This week on H809, we were given two papers to read.
The first was Hiltz, S.R. and Meinke, R. (1989) ‘Teaching sociology in a virtual classroom’, Teaching Sociology, vol. 17, no. 4, pp. 431–46. This paper, written back in the depths of 1989, was about the use of a 'Virtual Classroom', a precursor to the modern-day VLE, at two US Higher Education institutions. It was used for a selection of sociology courses and with about one hundred students in total. Students were given the option of taking courses in a purely online or blended form rather instead of the normal traditional delivery. It is hard from the paper to get a complete picture of what the teaching was like in the different formats but mention is made of its use for discussion, quizzes and 'virtual seminars' where students took it in turn to lead seminars on specific topics. There are also a couple of transcripts from the course in an appendix. Little was said about the organisational context though a hint was dropped about 'active resistance among some faculty to the experiment'. At least one of the courses was taught but one of the authors of the paper.
The style of the paper come across very much as one of an evaluation - you get the impression that the authors are doing this in order to check for problems and maybe learn a few lessons for future years rather than in an attempt to push back the boundaries of what we understand about the use of technology in learning and teaching. They have done statistical analysis (lots of it!) on grades and student survey responses to statements such as 'Taking online courses is more convenient' and 'I found the course to be a better learning-experience than normal face-to-face courses'. On top of this the authors looked at the transcripts from courses and included observations made by some of the instructors. They apparently did interview some of the students, but from the way the paper is written, this doesn't really come across as contributing much to the findings.
Of course the problem with this type of research like this is that there is so little context-transferability. By only looking at grades and responses to such general questions you also don't really get find out much about how the technology actually affects the learning which to me is what is really interesting and useful. I feel that the question 'Is teaching better using technology?' that the paper was trying to answer is a bad one - in the same way that it would be silly to ask if e-mail was better than the phone or cycling better than taking the train. There isn't a yes/no answer.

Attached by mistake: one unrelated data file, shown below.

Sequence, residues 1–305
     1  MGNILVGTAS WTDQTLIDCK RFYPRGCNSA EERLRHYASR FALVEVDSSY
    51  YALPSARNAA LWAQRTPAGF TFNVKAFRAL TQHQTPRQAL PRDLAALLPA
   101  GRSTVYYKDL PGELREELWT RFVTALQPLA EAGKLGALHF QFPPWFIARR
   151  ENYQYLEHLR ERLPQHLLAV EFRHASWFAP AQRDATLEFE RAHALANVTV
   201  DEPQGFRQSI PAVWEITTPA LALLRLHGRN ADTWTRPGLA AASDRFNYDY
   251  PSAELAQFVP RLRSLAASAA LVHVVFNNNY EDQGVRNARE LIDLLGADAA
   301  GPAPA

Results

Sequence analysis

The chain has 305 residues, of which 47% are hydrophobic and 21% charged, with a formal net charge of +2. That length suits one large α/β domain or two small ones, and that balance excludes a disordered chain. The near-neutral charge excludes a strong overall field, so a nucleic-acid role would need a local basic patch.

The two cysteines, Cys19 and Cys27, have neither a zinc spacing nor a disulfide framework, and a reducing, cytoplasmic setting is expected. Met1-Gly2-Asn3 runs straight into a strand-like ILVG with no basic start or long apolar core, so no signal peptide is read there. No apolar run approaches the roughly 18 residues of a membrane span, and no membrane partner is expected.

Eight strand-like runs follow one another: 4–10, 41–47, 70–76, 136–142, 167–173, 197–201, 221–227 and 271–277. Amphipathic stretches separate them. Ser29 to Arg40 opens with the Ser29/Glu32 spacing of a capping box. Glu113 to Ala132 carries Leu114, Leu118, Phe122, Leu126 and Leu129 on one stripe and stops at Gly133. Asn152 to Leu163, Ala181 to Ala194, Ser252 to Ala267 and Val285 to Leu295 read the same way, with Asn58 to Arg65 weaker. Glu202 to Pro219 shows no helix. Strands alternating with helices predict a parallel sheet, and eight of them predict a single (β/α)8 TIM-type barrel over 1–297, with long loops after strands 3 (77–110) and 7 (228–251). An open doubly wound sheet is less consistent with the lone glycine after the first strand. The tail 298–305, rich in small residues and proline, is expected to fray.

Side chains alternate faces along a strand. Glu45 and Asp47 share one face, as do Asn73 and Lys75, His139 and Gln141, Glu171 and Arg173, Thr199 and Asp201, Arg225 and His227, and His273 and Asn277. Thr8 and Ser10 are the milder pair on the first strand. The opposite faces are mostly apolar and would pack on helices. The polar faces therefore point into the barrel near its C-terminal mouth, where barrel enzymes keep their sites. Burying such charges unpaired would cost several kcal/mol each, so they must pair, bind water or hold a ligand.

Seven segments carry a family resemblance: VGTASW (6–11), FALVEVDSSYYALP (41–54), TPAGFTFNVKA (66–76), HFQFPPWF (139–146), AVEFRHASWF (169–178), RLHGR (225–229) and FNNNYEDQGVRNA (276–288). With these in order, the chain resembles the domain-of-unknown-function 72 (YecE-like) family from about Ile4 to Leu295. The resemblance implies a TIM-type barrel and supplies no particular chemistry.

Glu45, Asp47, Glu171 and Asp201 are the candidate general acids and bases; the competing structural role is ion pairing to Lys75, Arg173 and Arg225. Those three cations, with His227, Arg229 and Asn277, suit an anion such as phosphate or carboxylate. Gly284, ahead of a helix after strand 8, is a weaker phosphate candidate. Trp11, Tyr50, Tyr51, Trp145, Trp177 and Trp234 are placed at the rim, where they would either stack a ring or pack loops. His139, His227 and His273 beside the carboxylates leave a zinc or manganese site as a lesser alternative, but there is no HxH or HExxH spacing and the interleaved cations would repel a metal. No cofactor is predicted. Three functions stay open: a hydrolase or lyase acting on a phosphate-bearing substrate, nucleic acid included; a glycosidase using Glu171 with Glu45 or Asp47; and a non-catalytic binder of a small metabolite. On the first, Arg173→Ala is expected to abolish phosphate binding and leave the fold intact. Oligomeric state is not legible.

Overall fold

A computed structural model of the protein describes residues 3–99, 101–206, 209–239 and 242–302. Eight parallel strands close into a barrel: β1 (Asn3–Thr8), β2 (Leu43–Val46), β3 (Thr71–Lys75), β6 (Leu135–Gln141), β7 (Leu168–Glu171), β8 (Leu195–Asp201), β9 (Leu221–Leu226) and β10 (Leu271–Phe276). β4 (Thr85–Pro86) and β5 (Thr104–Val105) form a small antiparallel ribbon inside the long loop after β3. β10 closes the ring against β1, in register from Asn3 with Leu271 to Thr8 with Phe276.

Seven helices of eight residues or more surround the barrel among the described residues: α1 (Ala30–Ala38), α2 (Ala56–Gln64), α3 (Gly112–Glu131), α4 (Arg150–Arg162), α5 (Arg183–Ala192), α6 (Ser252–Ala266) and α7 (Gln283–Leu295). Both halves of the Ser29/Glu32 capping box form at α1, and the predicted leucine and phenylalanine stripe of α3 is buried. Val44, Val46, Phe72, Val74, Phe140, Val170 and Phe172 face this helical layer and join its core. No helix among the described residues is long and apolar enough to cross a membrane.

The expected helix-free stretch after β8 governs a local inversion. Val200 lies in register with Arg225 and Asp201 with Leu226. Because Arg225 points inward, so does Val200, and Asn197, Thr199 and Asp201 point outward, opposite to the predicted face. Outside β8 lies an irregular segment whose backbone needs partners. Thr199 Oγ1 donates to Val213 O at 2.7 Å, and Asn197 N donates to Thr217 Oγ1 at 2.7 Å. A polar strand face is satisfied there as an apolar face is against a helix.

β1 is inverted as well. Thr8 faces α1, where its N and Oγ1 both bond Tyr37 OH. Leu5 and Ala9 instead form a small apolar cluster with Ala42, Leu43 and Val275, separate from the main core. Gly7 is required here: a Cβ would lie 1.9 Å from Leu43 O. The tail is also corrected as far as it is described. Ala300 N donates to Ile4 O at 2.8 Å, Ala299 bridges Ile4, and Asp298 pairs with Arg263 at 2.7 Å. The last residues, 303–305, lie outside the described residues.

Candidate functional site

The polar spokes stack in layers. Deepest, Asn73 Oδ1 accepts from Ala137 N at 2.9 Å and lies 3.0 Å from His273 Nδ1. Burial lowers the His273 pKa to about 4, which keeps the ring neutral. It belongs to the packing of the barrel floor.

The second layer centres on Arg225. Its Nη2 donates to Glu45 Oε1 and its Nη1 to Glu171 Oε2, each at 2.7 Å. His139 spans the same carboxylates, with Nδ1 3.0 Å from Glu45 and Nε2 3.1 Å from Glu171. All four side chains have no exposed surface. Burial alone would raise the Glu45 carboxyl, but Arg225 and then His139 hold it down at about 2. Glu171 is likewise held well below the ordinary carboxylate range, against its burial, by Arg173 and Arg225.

So what did they conclude? Basically that in terms of grades and how students felt about the Virtual Classroom as learning experience, it didn't seem to make a marked difference on the whole whether it was used or not, but that there was variation from course to course. The paper discussed students' greater candour online, the tendency for students taking the online course to procrastinate more, the different that easy access to computers made (surprise, surprise!), and the 'level of cognitive maturity' needed to deal with an online course being greater than for traditional courses. The students who were most enthused about the online courses were those who valued the contributions of other students and discussion with them most highly. There was also an interesting comment from one of the instructors that 'Students are like themselves, only more so, when they are online'. However the evidence for all of these feels anecdotal based on the experience of the instructors. It would have been nice to seen some of these looked at in greater depth.